Bridging the axonal divide with cell transplantation and biomaterials
The chiasm that forms following traumatic axonal injury to the spinal cord is highly prohibitive to axonal regeneration and recovery. We utilize cell transplantation (Schwann cells, astrocytes, fibroblasts, stem cells and fetal cells) and biomaterials (alginate-based anisotropic capillary hydrogels) either separately or in combination to bridge this divide and provide physical support for the axons. To stimulate axonal growth across this support network we also provide neurotrophins and growth factors. We are now combining this with pharmaceutical treatments to further stimulate axonal growth across the bio-support bridges.
Collaboration with Dr. Rainer Müller (Regensburg) and Dr. Armin Blesch (Indiana University, Stark Neurosciences, USA)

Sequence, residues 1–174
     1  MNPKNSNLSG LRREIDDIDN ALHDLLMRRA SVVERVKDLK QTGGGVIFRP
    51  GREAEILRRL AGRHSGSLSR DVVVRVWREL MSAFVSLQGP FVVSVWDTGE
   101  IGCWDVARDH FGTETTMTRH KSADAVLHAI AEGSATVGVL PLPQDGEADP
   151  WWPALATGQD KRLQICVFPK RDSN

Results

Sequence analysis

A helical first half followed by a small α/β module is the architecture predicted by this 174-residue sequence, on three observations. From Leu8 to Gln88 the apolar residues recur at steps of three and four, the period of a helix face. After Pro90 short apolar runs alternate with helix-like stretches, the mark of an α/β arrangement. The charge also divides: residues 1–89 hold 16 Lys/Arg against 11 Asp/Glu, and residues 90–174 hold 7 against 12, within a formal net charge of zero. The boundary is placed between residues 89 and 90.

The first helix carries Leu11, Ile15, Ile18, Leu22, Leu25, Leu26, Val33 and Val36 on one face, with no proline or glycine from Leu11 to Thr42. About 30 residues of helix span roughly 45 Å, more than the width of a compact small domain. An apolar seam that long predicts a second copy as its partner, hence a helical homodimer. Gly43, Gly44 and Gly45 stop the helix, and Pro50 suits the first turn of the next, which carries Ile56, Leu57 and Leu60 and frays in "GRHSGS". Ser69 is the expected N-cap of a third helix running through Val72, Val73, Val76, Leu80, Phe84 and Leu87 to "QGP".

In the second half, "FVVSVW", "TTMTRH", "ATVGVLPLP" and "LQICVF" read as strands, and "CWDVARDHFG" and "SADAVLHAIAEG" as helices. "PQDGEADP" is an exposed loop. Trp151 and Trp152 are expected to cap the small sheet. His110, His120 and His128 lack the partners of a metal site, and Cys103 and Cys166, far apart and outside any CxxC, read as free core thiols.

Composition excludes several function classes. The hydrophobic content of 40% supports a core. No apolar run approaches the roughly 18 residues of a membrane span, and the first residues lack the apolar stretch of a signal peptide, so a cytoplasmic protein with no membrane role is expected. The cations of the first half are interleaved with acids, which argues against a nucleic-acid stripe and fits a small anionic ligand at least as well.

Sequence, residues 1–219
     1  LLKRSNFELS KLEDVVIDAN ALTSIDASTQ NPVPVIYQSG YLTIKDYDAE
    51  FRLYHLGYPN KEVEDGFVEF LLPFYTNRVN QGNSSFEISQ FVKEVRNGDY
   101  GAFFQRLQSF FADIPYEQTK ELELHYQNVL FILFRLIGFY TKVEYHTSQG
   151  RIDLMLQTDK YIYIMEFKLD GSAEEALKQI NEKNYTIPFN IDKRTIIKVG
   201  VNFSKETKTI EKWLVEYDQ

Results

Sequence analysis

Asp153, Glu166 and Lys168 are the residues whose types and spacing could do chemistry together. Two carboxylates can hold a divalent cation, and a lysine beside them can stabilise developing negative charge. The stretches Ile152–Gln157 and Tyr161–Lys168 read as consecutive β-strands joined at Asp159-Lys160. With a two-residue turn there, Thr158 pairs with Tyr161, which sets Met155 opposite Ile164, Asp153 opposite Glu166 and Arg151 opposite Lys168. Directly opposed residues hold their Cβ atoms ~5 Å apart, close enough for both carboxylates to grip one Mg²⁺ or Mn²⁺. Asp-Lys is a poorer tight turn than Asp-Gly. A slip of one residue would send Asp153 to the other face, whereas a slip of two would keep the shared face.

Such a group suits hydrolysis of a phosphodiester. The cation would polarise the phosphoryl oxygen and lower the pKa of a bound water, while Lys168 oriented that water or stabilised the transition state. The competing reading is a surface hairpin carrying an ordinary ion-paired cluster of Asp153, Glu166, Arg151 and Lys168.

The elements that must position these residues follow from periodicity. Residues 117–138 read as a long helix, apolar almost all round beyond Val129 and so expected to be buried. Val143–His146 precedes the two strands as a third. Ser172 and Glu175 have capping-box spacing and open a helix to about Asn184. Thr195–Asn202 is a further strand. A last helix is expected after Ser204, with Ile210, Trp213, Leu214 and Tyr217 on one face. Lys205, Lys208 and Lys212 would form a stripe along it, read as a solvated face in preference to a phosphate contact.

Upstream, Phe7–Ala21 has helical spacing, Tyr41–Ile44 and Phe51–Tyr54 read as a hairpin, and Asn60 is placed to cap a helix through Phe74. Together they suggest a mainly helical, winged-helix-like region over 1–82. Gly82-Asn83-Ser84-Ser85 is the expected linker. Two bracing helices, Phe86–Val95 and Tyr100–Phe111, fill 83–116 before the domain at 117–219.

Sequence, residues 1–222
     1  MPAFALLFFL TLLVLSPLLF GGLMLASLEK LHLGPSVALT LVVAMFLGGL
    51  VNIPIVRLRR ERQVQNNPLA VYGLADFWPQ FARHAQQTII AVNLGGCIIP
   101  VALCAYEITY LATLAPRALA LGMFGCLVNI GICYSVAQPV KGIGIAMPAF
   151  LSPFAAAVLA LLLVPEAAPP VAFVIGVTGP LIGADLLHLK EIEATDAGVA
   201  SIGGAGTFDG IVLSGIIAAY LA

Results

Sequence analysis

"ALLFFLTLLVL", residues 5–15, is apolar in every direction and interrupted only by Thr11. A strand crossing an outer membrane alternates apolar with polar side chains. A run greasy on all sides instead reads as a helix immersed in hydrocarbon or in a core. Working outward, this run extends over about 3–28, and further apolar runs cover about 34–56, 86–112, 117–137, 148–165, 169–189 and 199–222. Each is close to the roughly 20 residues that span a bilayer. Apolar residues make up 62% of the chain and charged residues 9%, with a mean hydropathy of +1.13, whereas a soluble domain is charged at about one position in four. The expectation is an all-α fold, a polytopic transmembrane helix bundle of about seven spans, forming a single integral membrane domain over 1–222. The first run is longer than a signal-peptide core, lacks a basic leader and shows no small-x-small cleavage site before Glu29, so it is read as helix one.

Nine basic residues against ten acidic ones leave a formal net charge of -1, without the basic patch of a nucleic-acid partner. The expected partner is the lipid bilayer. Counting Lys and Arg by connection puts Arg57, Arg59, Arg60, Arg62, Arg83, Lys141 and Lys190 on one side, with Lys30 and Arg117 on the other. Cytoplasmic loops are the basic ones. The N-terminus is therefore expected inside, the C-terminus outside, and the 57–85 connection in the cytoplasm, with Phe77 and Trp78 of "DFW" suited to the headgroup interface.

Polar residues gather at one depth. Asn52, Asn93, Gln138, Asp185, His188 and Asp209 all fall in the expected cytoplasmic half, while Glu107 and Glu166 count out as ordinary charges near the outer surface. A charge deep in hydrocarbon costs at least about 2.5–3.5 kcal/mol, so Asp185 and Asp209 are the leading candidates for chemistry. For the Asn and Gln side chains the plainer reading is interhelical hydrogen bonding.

Schematic diagram depicts lateral hemisection with insertion of hydrogel seeded with cells (A). Implantation in vivo shows hydrogel channels filled with green fluorescent protein (GFP) positive cells (B). These cells fill the entire length of the channels (C). The GFP cells appear to provide support for growing axons (red) (D).
Schackel T., Kumar P., Günther M., Liu S., Brunner M., Sandner B., Puttagunta R., Müller R., Weidner N. and Blesch A. (2018) Peptides and Astroglia Improve the Regenerative Capacity of Alginate Gels in the Injured Spinal Cord. Tissue Eng Part A. Dec 28. [Epub ahead of print] Link to article.
Liu S., Schackel T., Weidner N. and Puttagunta R. (2018) Biomaterial-Supported Cell Transplantation Treatments for Spinal Cord Injury: Challenges and Perspectives. Front Cell Neurosci. Jan 11;11:430. Link to article.
Liu S, Sandner B, Schackel T, Nicholson L, Chtarto A, Tenenbaum L, Puttagunta R, Müller R, Weidner N, Blesch A. (2017) Regulated viral BDNF delivery in combination with Schwann cells promotes axonal regeneration through capillary alginate hydrogels after spinal cord injury. Acta Biomater. Sep 15;60:167-180. Link to article.